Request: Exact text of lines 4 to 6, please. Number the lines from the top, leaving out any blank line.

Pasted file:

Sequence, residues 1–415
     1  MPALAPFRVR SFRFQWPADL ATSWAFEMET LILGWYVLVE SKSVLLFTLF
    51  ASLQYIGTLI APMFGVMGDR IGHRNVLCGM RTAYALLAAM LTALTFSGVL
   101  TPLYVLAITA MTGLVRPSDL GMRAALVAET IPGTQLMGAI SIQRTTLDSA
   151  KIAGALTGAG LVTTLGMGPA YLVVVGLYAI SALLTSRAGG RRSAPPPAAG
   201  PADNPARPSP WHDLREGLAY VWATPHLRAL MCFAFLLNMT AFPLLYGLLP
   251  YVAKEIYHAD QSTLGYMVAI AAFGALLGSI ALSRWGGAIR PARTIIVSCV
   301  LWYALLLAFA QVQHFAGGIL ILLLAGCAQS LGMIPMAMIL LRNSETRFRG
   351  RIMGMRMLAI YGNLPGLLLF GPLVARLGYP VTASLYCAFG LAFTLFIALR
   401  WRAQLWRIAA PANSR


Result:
   101  TPLYVLAITA MTGLVRPSDL GMRAALVAET IPGTQLMGAI SIQRTTLDSA
   151  KIAGALTGAG LVTTLGMGPA YLVVVGLYAI SALLTSRAGG RRSAPPPAAG
   201  PADNPARPSP WHDLREGLAY VWATPHLRAL MCFAFLLNMT AFPLLYGLLP